The Quest For Student Mastery

First and foremost, we at IndistarConnect (Maureen Mirabito, Mark Williams and I) would like to wish you a Happy Thanksgiving. As former educators, we know how thankful you are for a few days off to enjoy family and friends and to recharge your batteries for the stretch run to the winter break.  You’ve worked really hard since school opened and now that routines have been established you are beginning to see substantial progress in your students. Keep up the good work.

One of the important routines we talk about in Indistar is the establishment of regular meetings of not only the Leadership Team, but of the Instructional Teams.  These are either grade-level or subject-area teams of teachers (ID11) who regularly meet twice a month for 45 minutes to conduct business (ID12), and once a month for 4-6 hours to refine units of instruction and review student learning data (ID13).  These teams prepare agendas (ID04) and maintain minutes of their meetings (ID05).  There are additional indicators in Indistar defining more specifically the curriculum, assessment, and instructional planning activities these teams work to accomplish.

 Questions about the work of the Instructional Team that come to mind include:

  • Toward what goal are these instructional teams working? 
  • What do they expect to accomplish?
  • How does all this work translate into helping to improve teaching and learning in their classrooms?

Certainly the intent of this hard work is to provide high quality instruction that meets the needs of the range of learners they serve.  It’s to ensure that all “students … demonstrate deeper levels of understanding by explaining concepts, describing relationships, evaluating arguments, analyzing perspectives, and performing other tasks that require complex thinking.”    Johnson, J. F., Uline, C. L., and Perez, L. G., (2014). The Quest For Mastery, Educational Leadership, ASCD, Alexandria, VA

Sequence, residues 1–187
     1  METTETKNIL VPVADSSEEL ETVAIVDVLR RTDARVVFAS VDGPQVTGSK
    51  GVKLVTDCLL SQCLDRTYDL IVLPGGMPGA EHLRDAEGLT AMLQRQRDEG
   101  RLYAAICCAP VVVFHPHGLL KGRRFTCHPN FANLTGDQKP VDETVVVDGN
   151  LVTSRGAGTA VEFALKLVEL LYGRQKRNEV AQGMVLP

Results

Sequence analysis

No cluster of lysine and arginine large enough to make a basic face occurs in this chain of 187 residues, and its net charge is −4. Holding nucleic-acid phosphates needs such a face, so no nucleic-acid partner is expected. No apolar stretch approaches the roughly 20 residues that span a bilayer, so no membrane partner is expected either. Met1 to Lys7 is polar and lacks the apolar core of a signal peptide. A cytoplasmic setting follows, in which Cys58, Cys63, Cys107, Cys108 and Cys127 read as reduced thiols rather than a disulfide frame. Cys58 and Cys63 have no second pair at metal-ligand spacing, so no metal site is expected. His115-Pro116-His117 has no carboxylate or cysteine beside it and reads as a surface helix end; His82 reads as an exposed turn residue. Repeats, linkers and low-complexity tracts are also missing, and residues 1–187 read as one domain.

This statement encapsulates what we as educators are working so hard to help our students achieve. The statement is extracted from an article in the October 2014 Educational Leadership entitled “The Quest for Mastery.  Unfortunately, this is one of those pesky ASCD articles that cannot be shared so you’ll have to track down this edition of Educational Leadership to read it in its entirety.

The authors include the Executive and Associate Directors of the National Center for Urban School Transformation.   This website has some really good information about school improvement. Since 2005, The Center “has identified and studied more than 90 urban schools that achieve impressive results” … for all students, including “ high levels of achievement for every demographic of students they serve, including English Language Learners.”   Their criteria for selecting schools for the annual awards are highly rigorous.